Lady Macbeth was a moment where this show proved itself to be a successful, articulate communicative project, just as its curator had hoped. When asked if he were happy with how the show turned out, Greek Goldsmiths student, Nikos Akritus, said simply: “Yes I definitely am!” He elaborated, saying that the highlight of having curated a project like this was seeing the designers and models exchange contacts and discuss working together in the future. For him, “This was the essence of the project”– to create a space for future fashion to be actively discussed.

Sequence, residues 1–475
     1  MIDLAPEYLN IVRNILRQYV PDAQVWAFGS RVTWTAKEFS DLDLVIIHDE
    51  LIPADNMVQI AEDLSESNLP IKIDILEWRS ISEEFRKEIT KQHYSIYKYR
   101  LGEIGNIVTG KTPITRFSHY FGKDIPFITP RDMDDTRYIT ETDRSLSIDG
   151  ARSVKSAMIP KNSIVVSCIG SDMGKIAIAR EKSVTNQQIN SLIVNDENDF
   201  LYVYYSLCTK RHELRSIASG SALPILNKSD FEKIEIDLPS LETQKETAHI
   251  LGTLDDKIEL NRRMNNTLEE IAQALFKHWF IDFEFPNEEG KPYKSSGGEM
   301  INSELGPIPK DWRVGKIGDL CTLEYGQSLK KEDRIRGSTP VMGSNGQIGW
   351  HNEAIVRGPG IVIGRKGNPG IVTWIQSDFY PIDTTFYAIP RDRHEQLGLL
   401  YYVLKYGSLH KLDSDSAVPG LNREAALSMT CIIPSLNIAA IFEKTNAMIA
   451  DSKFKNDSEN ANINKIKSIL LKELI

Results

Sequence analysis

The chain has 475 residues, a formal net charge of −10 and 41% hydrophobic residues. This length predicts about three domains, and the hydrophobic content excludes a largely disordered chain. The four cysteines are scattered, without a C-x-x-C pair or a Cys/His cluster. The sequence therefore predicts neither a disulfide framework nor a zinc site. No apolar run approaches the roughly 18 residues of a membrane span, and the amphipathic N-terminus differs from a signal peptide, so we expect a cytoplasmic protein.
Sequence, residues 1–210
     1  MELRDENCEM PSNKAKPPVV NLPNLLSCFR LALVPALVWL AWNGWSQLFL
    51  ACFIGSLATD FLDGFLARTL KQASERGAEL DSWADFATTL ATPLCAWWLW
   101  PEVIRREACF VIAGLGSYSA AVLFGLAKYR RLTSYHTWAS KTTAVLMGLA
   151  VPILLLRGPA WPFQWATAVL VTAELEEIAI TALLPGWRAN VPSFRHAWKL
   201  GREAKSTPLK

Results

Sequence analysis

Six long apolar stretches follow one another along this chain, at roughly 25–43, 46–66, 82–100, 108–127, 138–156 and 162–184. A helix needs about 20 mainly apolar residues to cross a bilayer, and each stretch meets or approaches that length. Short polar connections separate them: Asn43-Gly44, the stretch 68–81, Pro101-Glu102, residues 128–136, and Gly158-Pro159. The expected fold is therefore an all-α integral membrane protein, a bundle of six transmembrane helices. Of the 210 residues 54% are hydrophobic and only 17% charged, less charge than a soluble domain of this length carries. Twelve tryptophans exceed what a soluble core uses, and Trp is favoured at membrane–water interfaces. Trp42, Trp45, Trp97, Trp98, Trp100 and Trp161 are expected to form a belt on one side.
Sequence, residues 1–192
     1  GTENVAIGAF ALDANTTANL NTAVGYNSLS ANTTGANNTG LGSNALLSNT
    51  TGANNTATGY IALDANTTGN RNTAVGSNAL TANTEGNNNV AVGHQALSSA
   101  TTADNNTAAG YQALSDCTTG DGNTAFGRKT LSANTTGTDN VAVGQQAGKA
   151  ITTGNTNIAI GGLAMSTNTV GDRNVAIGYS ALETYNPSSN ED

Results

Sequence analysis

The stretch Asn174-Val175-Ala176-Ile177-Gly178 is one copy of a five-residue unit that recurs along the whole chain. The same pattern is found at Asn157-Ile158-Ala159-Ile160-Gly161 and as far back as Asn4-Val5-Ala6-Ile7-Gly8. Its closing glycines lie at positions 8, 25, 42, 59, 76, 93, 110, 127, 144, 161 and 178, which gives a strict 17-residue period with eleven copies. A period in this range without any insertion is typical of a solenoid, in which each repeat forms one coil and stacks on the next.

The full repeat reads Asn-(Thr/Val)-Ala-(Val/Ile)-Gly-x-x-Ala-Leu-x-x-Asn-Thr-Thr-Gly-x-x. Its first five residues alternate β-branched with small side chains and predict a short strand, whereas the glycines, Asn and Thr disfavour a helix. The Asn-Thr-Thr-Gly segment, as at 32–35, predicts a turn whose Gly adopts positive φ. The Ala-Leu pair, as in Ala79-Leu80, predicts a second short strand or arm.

As Elly’s heralds were living, breathing intellectual concepts, which engaged deliberately and quite radically in environmental and social dialogues, Nic and Penelope created pieces that spoke for fashion’s timelessness and the scope of fashion’s voice. Penelope’s designs carried familiar, nostalgic, highly feminine shapes; Nic’s catwalk crusaders were delinquents of a much more modern fairytale. However, both designers crafted outfits that reminded the onlooker of exactly how much clothes can actually say, and how many ways we can say what actually has to be said. Equally, Goldsmiths design student Louise Skajem, originally from Iceland, roped together outfits that recalled pirates and Caribbean witches. Her models dragged fabric sea creatures alongside them with string, a pirate boy wore a cardboard skirt, they were fun and fairylike. But underneath their charm Louise is drawing attention to our, by now long drawn out, theft from the ocean. Her question was: “What will happen if we give in to our vanity”?